I know that I have this bit of data for the WLTW symbol, and what would be helpful is to see that data completely plotted in all of it’s glory. Let’s take a look at the closing costs (y) plotted against the date (x).

This is a good start, but how good are the SMA’s at tracking this close cost? Let’s first write a little Python that will grab the SMA for a given window, and the end of the window it was calculated for the X-axis.

```
import numpy as np
def moving_avs(col, window):
moving_avs = {}
for i in range(0, len(col), window):
moving_avs[i] = np.mean(col[i:i+window])
return moving_avs
```

Using Numpy for analysis, and Pandas for Series to hold my values, I can use this function to create a dictionary tracking exactly what
day I am ending an SMA calculation on, as well as the SMA for that range. Window becomes the step size in the range call, and `np.mean`

does
the work calculating simple moving averages for slices of the data array.

Now I can plug in my values to the function to generate some simple moving averages.

```
data = pd.read_csv("prices.csv")
wltw = data[data["symbol"] == "WLTW"]
threedaysma = moving_avs(wltw, 3)
fivedaysma = moving_avs(wltw, 5)
```

Back to the orignal question, how well do the SMAs track against the closing cost? Well let’s find out.

```
import matplotlib.pyplot as plt
plt.plot(wltw["close"])
plt.plot(list(threedaysma.keys()), list(threedaysma.values()))
plt.show()
```

The resulting graph is here for the three day SMA:

That looks very very promising for this small timerange. The three day SMA follows the closing cost very closely. Now I don’t know about you, but I’d like to see just how closely the three day SMA follows the closing cost. I learned in statistics of a little measure called correlation. From the interwebs:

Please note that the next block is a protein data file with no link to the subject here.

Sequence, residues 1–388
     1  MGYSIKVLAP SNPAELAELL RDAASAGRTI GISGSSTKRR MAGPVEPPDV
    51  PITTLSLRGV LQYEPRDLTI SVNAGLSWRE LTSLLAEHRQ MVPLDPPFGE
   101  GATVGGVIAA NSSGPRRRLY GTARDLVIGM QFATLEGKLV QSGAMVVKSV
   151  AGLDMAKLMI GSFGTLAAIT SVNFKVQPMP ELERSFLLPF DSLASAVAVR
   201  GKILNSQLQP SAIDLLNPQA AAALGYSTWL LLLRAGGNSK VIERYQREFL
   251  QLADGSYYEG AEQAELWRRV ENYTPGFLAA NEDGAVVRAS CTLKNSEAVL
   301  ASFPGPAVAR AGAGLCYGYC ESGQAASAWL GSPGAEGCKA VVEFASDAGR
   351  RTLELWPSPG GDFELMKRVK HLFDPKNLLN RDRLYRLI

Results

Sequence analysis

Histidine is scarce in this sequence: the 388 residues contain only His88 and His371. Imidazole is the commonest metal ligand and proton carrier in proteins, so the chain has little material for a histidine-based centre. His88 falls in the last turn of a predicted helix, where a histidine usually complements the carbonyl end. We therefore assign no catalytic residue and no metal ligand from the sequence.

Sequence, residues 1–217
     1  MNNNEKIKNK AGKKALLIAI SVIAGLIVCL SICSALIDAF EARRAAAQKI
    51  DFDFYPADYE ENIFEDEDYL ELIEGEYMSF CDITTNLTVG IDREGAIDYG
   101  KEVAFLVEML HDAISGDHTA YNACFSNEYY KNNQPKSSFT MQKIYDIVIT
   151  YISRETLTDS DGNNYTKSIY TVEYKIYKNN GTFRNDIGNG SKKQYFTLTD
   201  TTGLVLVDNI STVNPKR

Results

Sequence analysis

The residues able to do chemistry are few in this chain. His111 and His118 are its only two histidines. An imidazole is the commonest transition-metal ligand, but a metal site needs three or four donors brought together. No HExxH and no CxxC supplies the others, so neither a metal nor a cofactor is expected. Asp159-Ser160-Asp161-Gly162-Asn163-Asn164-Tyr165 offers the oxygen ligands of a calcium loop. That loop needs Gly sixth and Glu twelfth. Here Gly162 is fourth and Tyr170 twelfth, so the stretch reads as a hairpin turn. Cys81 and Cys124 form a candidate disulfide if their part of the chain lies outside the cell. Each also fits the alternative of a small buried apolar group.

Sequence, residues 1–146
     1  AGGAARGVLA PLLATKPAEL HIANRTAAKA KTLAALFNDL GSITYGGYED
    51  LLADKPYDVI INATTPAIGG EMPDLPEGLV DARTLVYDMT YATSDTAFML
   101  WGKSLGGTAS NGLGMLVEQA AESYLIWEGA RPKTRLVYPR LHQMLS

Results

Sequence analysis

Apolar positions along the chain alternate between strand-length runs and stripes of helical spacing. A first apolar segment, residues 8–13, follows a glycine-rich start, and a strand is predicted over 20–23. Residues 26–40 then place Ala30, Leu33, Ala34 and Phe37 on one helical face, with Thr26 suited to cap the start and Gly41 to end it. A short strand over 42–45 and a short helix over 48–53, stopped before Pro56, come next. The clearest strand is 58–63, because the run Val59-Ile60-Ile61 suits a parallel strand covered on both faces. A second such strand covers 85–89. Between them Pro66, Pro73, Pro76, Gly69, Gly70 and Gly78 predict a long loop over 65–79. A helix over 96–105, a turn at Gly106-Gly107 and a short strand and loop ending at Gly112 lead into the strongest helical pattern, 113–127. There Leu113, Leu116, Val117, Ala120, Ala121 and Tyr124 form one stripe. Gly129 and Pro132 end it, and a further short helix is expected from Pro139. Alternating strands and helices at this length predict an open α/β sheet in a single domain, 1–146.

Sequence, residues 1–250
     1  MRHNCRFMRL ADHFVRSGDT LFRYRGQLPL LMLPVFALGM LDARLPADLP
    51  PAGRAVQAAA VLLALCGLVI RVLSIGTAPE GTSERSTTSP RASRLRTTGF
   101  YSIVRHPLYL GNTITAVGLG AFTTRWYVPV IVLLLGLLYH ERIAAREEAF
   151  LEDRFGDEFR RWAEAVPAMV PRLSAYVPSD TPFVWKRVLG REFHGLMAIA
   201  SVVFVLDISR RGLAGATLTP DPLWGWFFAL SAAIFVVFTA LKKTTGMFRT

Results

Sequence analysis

Correlation is a statistical measure for how two or more variables fluctuate together.

Now, I won’t go into too many details here, as I have mammoth libraries at my disposal. However, I can explain the basics of the measure of correlation. Correlation is between the values of -1 and 1, inclusive. A value of 1 means that the two datasets are positively correlated (fluctuate together), while a value of -1 means that the two datasets are negatively correlated (fluctuate inversely). Any number in-between represents how strongly correlated datasets are positively or negatively, and 0 means that the data is not correlated whatsoever.

To calculate correlation, I use the Numpy method for the Pearson product-moment correlation given two array-like inputs. First, I clean the data. I’ll do this by dropping close cost values that don’t correspond to the end of SMA windows for the 3-day SMA.

```
cleaned = wltw.iloc[list(threedaysma.keys()),:]
```

And now, to calculate our Pearson product-moment correlation coefficients

```
threedaysma_array = np.array(list(threedaysma.values()))
print(np.corrcoef(cleaned["close"], threedaysma_array))
#[[ 1. 0.96788571]
# [ 0.96788571 1. ]]
```

What this output 2D array tells us, is that the data are very strongly correlated! For the points we cleaned, the correlation coefficient is almost 1. That is great news, and we can most likely use this moving forward for forecasting and short-term trading.